Feds Spark Boomlet for Risk Assessment Vendors

The U.S. government’s push to utilize cloud-based technology will eventually lead to some blockbuster contracts — many well over US$10 million and others for even more than $100 million. Consider that just one contract in the current batch — a cloud deal for email services at the U.S. Interior Department — carries a price tag of $35-million.

However, it may be some time before such contracts hit the headlines — perhaps not until the end of 2012. The reason is that cloud providers will be required to meet the new security requirements being set by the federal government under the Federal Risk and Authorization Management Program, known as “FedRAMP.”

Essentially the program is designed to help agencies meet the standards of the Federal Information Security Management Act (FISMA) by creating a “template” agencies can use multiple times for cloud configurations.

Cloud IT Enters Federal Mainstream

The program provides a standard approach to security in the federal cloud environment, enabling cloud service providers (CSPs) to be approved once and then provisioned government-wide, rather than having each agency assess security individually.

Under the program, CSPs must demonstrate that their information systems meet security requirements through an approved third-party assessment. Agencies will save time and money by avoiding the need to duplicate security protocols each time they develop a cloud project.

Eventually, the process should spur cloud adoption at the federal level. “FedRAMP is a clear signal that cloud computing has become main stream in the federal government. Federal agencies’ demand for more powerful, lower-cost technology is stronger than ever,” David Mihalhcik, head of Google Apps federal business development and sales, told the E-Commerce Times.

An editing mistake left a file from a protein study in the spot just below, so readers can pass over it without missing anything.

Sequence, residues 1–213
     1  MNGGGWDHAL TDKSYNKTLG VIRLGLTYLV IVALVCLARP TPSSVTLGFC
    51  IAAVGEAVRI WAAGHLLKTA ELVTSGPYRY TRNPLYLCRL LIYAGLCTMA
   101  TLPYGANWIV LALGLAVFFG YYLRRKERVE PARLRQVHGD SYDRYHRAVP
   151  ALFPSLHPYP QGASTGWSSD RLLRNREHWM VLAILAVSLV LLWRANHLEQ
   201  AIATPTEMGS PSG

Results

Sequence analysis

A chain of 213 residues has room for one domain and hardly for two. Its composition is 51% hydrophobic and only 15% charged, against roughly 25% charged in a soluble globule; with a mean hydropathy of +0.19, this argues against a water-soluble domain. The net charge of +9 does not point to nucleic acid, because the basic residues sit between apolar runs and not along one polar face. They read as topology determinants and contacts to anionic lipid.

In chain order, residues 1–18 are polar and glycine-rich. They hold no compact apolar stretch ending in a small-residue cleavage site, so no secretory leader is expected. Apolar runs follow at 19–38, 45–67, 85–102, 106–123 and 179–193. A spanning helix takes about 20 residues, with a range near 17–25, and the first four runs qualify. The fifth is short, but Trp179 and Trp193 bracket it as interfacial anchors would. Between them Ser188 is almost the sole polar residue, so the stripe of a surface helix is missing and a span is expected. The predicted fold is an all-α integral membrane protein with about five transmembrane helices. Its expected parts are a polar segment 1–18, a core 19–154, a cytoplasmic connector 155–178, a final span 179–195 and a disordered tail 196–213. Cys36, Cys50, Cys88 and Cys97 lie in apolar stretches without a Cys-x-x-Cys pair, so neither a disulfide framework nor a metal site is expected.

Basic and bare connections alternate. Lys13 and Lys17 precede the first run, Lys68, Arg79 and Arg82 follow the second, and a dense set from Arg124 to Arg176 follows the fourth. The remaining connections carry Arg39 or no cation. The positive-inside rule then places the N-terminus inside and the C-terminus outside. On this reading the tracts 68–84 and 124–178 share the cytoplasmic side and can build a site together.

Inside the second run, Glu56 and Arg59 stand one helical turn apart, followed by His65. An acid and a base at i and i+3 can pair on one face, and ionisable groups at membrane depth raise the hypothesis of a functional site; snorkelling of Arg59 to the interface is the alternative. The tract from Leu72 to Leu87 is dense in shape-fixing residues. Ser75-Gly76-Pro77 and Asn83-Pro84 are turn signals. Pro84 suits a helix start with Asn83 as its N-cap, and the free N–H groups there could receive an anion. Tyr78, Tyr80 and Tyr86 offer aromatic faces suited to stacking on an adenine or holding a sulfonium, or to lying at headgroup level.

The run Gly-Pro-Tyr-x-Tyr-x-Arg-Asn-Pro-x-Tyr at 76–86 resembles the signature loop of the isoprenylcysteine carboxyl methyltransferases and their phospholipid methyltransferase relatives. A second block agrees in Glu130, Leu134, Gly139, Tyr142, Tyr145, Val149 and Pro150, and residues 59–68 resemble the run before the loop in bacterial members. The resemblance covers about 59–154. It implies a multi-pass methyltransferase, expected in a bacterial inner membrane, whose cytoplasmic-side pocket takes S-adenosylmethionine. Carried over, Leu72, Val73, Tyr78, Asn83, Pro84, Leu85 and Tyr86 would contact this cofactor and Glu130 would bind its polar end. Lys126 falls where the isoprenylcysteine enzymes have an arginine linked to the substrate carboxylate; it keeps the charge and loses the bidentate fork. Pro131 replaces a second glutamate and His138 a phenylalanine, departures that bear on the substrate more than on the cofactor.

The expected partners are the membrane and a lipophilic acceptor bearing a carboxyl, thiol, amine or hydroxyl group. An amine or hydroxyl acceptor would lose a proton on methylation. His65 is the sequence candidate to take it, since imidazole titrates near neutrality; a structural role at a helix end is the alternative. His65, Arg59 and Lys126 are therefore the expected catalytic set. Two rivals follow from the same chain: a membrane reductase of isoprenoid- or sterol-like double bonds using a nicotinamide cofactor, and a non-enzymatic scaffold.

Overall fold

The program is being managed by the General Services Administration. In early June, GSA said it would begin accepting vendor applications for FedRAMP security approvals. As a result, cloud providers may have to wait until at least the end of 2012 to gain any additional cloud business from potential federal customers. GSA hopes to have a handful of FedRAMP provider approvals issued by then.

Opportunity for Risk Analysis Firms

However, a small group of IT service companies should begin to gain revenues from the FedRAMP program right away. These are the companies that will review and analyze the security status of cloud provider offerings. As part of the FedRAMP process, cloud vendors must have their security systems analyzed by an independent third-party assessment organization (3PAO). GSA so far has selected nine 3PAOs, and eight of them are IT business firms. The last is a unit of the Department of Transportation.

No government funds will be used for the 3PAO process. Instead, cloud providers must pay for the security reviews themselves, thus generating a tidy stream of revenue for the 3PAO companies offering FedRAMP risk analysis services.

None of the 3PAOs will actually be in the business of granting security approvals. Instead, they will forward their risk analysis of individual cloud provider offerings to a Joint Authorization Board (JAB) that consists of representatives from the Department of Homeland Security, GSA and the Department of Defense, which will issue approvals. The 3PAO firms will be required to use guidance from the National Institute of Standards and Technology in their security reviews of CSPs.